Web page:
20 Best National Parks In India

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India has some of the world’s most scenic and diverse national parks, from the Hemis and Valley of Flowers in the north to the Namdapha in the East, Ranthambore and Gir in the west to the Periyar in the south. These national parks in India safeguard the natural habitats of land and marine animals from human encroachment. India has the third highest number of National Parks (106) in the world, and many of these parks are UNESCO World Heritage sites.

Whether you’re a bird watcher, wildlife or nature photographer, artist, mountaineer, outdoor enthusiast or just want to relax and rejuvenate amidst nature away from your daily routine, India’s national parks have something for you. Many parks have excellent accessibility, well-laid out government-approved itineraries for safaris or trekking, good accommodation facilities nearby and loads of fresh air with amazing views.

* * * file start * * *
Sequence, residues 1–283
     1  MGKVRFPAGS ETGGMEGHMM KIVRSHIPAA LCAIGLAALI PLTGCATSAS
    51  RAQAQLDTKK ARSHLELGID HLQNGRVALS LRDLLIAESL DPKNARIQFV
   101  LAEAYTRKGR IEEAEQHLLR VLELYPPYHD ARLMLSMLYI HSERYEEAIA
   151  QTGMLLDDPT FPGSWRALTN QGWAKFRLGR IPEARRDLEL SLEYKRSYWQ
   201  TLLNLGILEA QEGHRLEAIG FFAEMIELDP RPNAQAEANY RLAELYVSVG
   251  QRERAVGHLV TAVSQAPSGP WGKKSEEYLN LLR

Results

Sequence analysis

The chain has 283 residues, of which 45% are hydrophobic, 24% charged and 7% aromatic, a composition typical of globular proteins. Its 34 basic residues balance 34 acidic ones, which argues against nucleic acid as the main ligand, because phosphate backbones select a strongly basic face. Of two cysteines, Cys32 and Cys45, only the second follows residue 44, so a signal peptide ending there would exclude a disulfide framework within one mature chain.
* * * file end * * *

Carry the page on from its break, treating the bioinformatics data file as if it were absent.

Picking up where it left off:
India is blessed with different types of terrains. Whether it is lush green forests with secret lakes, hilly jungles with centuries-old forts, snow-capped mountains that are the tallest in the world, azure beaches laced with beautiful corals or golden sands of the great deserts – you can find all these in India. Each environment comes with mesmerising views and unique flora and fauna, some of which you probably wouldn’t find anywhere else on Earth. So, pack your bags and get ready to look for snow leopards, one-horned rhinos, Asiatic lions, Royal Bengal tigers, Lion-tailed macaques, Red Pandas and multi-coloured corals. Here are the 20 Best National Parks in India for your travel list.

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20 Best National Parks In India

1- Bandipur National Park, Karnataka

bandipur national park india
An Indian chameleon in Bandipur National Park is one of the unusual sights you’ll see in the national parks of India.

Bandipur National Park in South India was once a royal hunting ground for the Maharajas.

The park is well-known for its significant tiger habitat and houses the endangered Asiatic wild elephant.

Bandipur is one of the most popular and well-organised parks in India and has been consistently rated one of the best parks in India.

Bandipur is suitable for families as it has a lot of quality accommodation options close to it.